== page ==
If the fix is not in, the Buffalo School Board is going out of its way to make it look that way. Not only has the board violated the state open meetings law in its process for selecting a new superintendent, but it plans to interview the last of three candidates today and then, hardly leaving time to take a breath, move immediately to make a decision — all in less than two weeks since it named the three finalists.
No one wants to see this matter dragged out longer than necessary, but prudence requires more than the quick perusal that appears to describe this process. Surely, there is some need for greater deliberation. This, after all, is likely to be the most significant decision the School Board will make for years.
That is not intended as a slight of any of the candidates, who include Amber Dixon, Buffalo's interim superintendent; Edward Newsome Jr., assistant superintendent for high schools in Baltimore County, and Pamela C. Brown, former assistant superintendent in Philadelphia. While some critics complain that none of the three candidates has ever been hired as a superintendent, the likelihood is that such a candidate would have come from a smaller district — and critics would have complained about that, too. The universe of candidates who can be lured to this tortured school district is going to be limited.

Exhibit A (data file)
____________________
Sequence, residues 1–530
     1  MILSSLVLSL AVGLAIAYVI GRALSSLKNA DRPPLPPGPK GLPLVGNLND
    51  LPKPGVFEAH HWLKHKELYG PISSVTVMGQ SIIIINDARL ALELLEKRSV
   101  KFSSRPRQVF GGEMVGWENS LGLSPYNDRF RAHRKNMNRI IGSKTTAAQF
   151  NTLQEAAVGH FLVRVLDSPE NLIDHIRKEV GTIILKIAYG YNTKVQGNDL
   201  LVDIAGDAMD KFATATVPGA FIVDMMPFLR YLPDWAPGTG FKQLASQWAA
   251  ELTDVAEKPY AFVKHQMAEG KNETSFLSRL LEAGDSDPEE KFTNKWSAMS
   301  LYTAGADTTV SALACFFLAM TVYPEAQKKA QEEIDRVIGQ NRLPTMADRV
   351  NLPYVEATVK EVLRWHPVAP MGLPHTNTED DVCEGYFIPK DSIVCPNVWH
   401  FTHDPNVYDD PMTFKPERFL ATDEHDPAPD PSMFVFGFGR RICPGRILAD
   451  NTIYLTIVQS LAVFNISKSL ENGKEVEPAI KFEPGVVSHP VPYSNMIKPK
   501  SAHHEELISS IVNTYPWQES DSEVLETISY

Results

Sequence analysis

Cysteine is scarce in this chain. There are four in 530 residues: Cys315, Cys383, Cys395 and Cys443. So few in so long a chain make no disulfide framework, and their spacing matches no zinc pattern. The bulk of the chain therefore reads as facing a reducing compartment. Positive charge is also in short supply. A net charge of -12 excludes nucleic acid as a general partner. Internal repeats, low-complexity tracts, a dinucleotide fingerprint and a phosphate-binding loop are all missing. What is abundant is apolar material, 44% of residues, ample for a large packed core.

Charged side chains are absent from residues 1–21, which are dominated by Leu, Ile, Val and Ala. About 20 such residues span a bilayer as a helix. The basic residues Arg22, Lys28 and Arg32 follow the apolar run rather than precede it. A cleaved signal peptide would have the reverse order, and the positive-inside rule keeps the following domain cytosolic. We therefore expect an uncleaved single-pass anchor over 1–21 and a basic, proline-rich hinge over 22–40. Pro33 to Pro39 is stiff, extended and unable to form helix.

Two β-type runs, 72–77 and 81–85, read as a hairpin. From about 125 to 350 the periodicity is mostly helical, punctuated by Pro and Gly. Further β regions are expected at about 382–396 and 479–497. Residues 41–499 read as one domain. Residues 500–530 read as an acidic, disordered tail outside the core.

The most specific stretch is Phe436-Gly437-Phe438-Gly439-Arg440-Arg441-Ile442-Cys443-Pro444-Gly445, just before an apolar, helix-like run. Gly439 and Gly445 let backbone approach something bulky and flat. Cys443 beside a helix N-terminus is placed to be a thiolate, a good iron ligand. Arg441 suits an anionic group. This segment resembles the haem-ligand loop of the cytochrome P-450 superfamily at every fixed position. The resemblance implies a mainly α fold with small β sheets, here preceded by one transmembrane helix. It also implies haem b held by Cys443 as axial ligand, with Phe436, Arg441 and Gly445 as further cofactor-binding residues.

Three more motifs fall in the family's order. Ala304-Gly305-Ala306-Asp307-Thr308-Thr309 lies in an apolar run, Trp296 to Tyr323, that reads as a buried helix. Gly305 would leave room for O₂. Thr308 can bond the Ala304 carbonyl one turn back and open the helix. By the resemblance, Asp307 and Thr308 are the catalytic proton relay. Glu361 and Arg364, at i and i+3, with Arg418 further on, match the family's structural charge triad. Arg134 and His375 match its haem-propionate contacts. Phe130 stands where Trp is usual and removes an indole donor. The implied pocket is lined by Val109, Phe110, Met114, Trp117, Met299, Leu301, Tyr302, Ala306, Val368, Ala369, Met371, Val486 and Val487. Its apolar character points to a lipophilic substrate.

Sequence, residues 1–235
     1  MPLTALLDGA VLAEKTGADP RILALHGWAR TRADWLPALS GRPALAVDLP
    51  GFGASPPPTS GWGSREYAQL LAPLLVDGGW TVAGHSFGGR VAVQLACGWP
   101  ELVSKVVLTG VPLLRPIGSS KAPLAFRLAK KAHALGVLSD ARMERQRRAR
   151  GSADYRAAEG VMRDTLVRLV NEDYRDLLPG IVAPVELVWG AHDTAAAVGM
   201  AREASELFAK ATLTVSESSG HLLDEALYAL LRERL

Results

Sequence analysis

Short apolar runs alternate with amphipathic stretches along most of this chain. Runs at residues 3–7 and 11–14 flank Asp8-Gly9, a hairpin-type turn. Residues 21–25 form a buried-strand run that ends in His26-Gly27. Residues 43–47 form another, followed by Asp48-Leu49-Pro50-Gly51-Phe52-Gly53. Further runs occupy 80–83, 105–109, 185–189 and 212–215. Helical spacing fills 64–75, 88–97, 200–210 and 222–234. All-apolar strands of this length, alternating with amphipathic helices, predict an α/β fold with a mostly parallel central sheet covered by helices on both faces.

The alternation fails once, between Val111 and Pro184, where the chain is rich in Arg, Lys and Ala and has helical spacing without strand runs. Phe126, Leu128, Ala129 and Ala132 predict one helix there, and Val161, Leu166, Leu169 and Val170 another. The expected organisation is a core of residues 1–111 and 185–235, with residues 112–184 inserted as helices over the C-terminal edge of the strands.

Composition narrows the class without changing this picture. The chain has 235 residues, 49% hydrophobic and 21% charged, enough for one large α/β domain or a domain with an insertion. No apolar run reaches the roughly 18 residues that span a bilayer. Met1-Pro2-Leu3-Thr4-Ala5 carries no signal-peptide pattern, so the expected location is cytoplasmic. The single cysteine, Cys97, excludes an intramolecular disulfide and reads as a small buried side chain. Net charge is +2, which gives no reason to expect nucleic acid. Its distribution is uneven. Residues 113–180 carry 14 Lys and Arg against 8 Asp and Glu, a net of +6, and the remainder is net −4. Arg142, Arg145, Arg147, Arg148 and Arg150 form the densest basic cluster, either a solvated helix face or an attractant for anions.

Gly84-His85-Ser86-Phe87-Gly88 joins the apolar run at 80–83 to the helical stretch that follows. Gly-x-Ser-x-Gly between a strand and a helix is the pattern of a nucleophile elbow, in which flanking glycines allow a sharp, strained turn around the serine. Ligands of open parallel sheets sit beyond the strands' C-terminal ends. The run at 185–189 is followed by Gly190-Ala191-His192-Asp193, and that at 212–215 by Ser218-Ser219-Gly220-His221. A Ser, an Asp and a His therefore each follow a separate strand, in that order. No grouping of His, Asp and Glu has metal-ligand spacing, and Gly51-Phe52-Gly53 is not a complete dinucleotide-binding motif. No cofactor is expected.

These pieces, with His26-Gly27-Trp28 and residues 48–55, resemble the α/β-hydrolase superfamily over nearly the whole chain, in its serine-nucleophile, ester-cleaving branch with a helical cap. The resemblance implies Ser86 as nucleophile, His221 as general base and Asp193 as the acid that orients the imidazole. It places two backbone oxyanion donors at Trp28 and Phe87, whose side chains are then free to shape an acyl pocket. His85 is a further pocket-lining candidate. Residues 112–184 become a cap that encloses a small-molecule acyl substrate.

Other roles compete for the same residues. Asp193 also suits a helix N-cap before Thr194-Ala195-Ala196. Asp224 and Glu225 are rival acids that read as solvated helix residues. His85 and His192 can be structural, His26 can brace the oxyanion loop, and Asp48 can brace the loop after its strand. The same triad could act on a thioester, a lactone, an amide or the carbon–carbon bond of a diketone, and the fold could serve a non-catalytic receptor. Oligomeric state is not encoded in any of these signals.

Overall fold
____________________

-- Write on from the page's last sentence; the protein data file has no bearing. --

Frankly, while each of these candidates brings certain strengths to the table, the community knows too little about the outside candidates to judge whether they are the leaders Buffalo needs. Any of them, including Dixon, could be effective, but this selection process is doing little to rally the public support that a new school leader will need.
And, as we have previously observed, there are reasons to question each of the candidates. Dixon was unable to conclude an agreement on teacher evaluations until days ago, leading to speculation that Buffalo Teachers Federation President Philip Rumore was angling to get her the job. Newsome's district, while huge, isn't urban, and Brown, whose work background is urban, no longer works for a school district.
The board's problem with the state Open Meetings Law, meanwhile, might be considered technical, but it nonetheless demonstrates an inherent disregard for public input. The board interviewed candidates privately. The law allows such private interviews, but only after convening a public meeting, then moving into an executive session. That didn't happen.
Similarly, if the board meets today to discuss which candidate to hire without first convening a legal meeting, it will again violate the law, said Robert Freeman, executive director of the state's Committee on Open Government.
Perhaps that means nothing to the board. After all, the method by which it meets probably won't influence the decision it makes. But to Buffalo residents and taxpayers who are anxious for the district to start providing the quality of education to which New York students are entitled, the board looks like it is pursuing this matter unprofessionally. Students are expected to follow the rules, and so are School Board members.
The selection of a new superintendent shouldn't be dragged out endlessly, but the board should at least follow the law and, more than that, it should take enough time to build public confidence in what is truly a momentous decision.